Though Germany was at the forefront of crafting beers, it is a relative latecomer to the craft beer scene that seems to finally be sweeping the country. Well, maybe more taking root in the larger cities is a better way of putting it. Why this is the case could probably be explained by the fact that there has always been good beer in the country and it has largely stayed fairly regional. Whereas America became the realm of gigantic brewing conglomerates early on, Germans have tended to drink the local drop. That’s not to say they’ve remained totally traditional but overall, more so. Oddly enough, just when the craft beer scene is part of the German beer scene, many of the larger breweries have started to streamline their product line. Sadly, some of the very best beers have ceased being brewed due to what has been seen as lack of interest. While it’s true a large percentage of Germans tend to drink only Helles or Weißbier, there are some stragglers who are perhaps being lost in the shuffle. Hopefully, the craft beer trend will rekindle interest in some of these lost beers. There’s certainly no reason that some of these once great brews wouldn’t be appreciated by the new breed of beer connoisseur growing amongst the ranks of German beer drinkers.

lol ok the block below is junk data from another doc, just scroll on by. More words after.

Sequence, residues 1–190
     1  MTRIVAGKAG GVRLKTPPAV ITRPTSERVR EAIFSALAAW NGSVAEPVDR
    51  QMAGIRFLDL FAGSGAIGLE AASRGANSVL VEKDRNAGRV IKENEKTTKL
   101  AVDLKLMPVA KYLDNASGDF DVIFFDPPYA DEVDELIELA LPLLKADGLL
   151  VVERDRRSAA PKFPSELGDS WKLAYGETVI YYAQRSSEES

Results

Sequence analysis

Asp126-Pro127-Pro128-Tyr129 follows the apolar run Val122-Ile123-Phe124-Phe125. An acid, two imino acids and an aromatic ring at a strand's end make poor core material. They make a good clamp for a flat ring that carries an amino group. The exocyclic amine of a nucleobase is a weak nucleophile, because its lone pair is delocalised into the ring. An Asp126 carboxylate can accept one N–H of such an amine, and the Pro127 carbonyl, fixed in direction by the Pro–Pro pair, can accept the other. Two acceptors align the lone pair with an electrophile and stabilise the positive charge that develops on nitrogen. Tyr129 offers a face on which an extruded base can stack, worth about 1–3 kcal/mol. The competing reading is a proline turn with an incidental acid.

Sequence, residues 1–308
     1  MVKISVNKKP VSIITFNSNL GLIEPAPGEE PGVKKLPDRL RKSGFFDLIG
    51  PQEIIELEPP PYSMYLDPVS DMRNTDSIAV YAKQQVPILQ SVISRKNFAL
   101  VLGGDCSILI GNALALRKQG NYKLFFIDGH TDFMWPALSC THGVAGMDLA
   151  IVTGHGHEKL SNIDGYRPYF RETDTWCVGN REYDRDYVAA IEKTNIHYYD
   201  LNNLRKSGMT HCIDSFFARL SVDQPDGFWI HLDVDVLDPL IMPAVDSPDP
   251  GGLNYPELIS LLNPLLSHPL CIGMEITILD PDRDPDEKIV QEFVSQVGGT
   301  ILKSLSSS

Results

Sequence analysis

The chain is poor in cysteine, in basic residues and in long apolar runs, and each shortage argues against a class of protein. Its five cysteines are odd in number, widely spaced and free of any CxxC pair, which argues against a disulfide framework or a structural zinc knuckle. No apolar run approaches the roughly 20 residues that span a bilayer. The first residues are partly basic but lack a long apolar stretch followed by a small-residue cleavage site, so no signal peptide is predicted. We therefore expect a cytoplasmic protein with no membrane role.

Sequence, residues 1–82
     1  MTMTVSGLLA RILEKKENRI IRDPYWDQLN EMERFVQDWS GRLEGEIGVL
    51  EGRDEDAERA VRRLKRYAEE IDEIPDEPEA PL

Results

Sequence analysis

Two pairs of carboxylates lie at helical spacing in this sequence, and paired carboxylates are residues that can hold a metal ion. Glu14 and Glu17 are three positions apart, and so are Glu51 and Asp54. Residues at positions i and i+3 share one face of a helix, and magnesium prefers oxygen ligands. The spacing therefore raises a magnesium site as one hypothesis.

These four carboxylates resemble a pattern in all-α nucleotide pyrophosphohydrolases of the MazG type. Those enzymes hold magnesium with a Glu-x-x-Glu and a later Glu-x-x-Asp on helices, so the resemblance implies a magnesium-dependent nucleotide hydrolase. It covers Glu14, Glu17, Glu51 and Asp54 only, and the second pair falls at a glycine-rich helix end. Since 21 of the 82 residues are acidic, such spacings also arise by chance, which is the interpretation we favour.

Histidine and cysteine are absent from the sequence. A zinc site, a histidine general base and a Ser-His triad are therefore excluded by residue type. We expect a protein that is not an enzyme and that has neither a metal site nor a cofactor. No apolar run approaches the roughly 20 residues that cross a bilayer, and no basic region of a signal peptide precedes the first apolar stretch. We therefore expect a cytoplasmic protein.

Braukunst is a showcase for some of the craft beer coming out of not only Germany but also from other European countries and even a few from further afield. Held in Munich’s Transportation Museum each winter, it’s a chance to sample a large variety of beers in an unintimidating setting. Oddly enough, I came across this annual festival from a student in one of my English classes a few years ago. I often talk about beer in class, using it as an example in grammar and vocabulary exercises. The average German, at least back then, thought American beer was pretty awful stuff and on telling them about the burgeoning craft beer scene back in the States, they’d generally scoffed at the idea that it might someday come to Germany. One student was particularly ardent about this but ironically enough, he was the one who not only told me about Braukunst but also attended it before I did! He was super impressed by the variety of beers and is to this day quite into it. He still doesn’t give me much credit for foreseeing it but that’s okay, I made one convert.